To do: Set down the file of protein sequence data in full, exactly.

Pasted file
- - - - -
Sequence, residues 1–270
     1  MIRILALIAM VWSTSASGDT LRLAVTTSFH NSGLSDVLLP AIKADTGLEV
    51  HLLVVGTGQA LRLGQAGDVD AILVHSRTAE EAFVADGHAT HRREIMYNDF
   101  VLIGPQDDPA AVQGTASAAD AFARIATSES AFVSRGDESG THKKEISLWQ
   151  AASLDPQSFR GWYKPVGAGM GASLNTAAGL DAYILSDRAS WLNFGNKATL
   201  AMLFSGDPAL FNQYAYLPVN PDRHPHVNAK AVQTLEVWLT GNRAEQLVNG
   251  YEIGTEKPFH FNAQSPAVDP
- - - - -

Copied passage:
Sequence, residues 1–270
     1  MIRILALIAM VWSTSASGDT LRLAVTTSFH NSGLSDVLLP AIKADTGLEV
    51  HLLVVGTGQA LRLGQAGDVD AILVHSRTAE EAFVADGHAT HRREIMYNDF
   101  VLIGPQDDPA AVQGTASAAD AFARIATSES AFVSRGDESG THKKEISLWQ
   151  AASLDPQSFR GWYKPVGAGM GASLNTAAGL DAYILSDRAS WLNFGNKATL
   201  AMLFSGDPAL FNQYAYLPVN PDRHPHVNAK AVQTLEVWLT GNRAEQLVNG
   251  YEIGTEKPFH FNAQSPAVDP